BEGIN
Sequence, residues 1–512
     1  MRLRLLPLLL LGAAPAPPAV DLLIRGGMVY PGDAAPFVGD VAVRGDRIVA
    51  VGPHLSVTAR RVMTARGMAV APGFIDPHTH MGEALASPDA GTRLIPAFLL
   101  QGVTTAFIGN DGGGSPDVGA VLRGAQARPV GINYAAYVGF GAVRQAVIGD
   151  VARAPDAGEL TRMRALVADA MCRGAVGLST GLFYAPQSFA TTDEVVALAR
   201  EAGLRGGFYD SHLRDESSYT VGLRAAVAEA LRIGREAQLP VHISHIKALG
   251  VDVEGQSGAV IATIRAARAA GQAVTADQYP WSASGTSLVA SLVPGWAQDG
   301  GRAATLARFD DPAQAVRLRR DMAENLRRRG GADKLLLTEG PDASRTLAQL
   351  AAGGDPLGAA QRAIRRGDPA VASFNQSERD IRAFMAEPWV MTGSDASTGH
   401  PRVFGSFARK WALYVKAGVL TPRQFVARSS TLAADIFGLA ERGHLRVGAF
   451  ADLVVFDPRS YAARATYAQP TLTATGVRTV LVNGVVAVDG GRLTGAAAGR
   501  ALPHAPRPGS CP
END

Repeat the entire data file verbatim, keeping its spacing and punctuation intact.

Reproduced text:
Sequence, residues 1–512
     1  MRLRLLPLLL LGAAPAPPAV DLLIRGGMVY PGDAAPFVGD VAVRGDRIVA
    51  VGPHLSVTAR RVMTARGMAV APGFIDPHTH MGEALASPDA GTRLIPAFLL
   101  QGVTTAFIGN DGGGSPDVGA VLRGAQARPV GINYAAYVGF GAVRQAVIGD
   151  VARAPDAGEL TRMRALVADA MCRGAVGLST GLFYAPQSFA TTDEVVALAR
   201  EAGLRGGFYD SHLRDESSYT VGLRAAVAEA LRIGREAQLP VHISHIKALG
   251  VDVEGQSGAV IATIRAARAA GQAVTADQYP WSASGTSLVA SLVPGWAQDG
   301  GRAATLARFD DPAQAVRLRR DMAENLRRRG GADKLLLTEG PDASRTLAQL
   351  AAGGDPLGAA QRAIRRGDPA VASFNQSERD IRAFMAEPWV MTGSDASTGH
   401  PRVFGSFARK WALYVKAGVL TPRQFVARSS TLAADIFGLA ERGHLRVGAF
   451  ADLVVFDPRS YAARATYAQP TLTATGVRTV LVNGVVAVDG GRLTGAAAGR
   501  ALPHAPRPGS CP